Marantz researches social media trolls in his book “Antisocial”.
For those who are not familiar with the meaning of media trolls, they are people who use the internet to create discord by writing or saying something that is controversial.
Of course, what is said in the media does not have to be true. The difference is, the measure of success on the internet is an increase in the number of clicks one receives and the number of follower’s gob smacked by the messenger. It has zero to do with truth.
The internet lists 8 of the greatest internet trolls of all time. Their media names are irrelevant, but their followers are legion. All hide behind the rubric of a free press.
What makes internet trolls a societal cancer is their distortion of truth. Some trolls believe “buyer beware”. Like in any sale of product, the truth of speech (to a troll) is the responsibility of the individual. If a viewer or listener cannot separate the truth from fiction, that is the audience’s problem. A troll feels no compunction for lying, misleading, or stretching the truth. A committed troll argues that everyone should have the choice to believe or not believe.
Trolls argue truth is fungible because of inherent bias in the messenger. At best, trolls view their role is to mitigate corporate and government brain washing; at worst, they create a forum for massing hate and discrimination.
Say anything is the terrifying thing about social media. The irony of America’s free speech is its only defense is free speech.
Marantz interviews numerous trolls that believe all media communication is good, or at least useful communication. Marantz explains trolls argue media has historically distorted the truth.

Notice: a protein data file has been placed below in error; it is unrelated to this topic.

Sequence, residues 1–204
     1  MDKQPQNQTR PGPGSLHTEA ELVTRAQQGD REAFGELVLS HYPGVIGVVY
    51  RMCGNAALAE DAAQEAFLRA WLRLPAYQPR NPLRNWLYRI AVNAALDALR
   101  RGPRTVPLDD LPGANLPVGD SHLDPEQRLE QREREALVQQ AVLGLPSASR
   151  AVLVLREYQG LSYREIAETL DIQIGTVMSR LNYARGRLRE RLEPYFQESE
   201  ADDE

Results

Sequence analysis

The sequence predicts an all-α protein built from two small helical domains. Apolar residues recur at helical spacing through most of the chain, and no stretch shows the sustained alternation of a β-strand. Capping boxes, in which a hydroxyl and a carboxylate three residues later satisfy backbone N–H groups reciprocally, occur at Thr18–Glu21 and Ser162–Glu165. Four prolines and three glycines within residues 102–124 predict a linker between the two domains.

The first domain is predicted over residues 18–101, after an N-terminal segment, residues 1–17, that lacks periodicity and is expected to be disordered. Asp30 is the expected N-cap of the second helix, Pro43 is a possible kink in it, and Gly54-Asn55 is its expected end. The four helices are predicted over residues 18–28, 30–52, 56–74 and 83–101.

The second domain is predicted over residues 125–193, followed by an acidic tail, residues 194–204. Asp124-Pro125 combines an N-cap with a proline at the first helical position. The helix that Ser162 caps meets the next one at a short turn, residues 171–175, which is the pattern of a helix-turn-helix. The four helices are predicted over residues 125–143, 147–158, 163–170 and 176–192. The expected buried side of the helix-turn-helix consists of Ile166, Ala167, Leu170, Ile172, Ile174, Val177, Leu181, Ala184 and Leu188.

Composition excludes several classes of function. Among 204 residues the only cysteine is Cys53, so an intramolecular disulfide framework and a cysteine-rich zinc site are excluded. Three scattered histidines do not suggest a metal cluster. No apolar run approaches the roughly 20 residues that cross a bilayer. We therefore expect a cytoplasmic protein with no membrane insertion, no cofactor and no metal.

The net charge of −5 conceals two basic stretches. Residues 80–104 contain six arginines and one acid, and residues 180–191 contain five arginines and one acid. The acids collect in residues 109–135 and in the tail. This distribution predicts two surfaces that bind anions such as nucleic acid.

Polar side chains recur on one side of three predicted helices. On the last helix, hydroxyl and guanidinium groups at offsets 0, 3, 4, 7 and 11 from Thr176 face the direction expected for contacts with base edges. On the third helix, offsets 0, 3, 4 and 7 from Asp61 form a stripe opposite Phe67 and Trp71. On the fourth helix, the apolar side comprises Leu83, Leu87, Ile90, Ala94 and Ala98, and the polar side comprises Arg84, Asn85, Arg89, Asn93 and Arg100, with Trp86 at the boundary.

Marantz notes the fallacy of the Troll’s argument is in the release of white supremacist and hate-filled speech that aims at changing the norms of society.
Trolls say the unsayable for wealth and notoriety; not for the betterment of humanity, or the search for truth.
White supremacy becomes a flag around which a small minority of society can join to become a political force.
The drive for wealth is nothing new in American society. However, the monetization of lies and overt discrimination are licensed by media that reaches the worst prejudices of society.
The risk to the American electorate from media trolls is that they create a disillusioned and apathetic public that doesn’t know who or what to believe.
In the book “1984” Orwell showed how media control is dangerous. Marantz shows how no control is equally dangerous; particularly in the internet era.
Marantz makes listeners realize how dangerous internet trolls are to America, and any nation trying to improve the quality of life for their citizens.
Twenty first century American democracy seems particularly at risk. Americans believe in the critical importance of freedom, but American freedom has always been qualified by rule of law in “doing no harm” to others.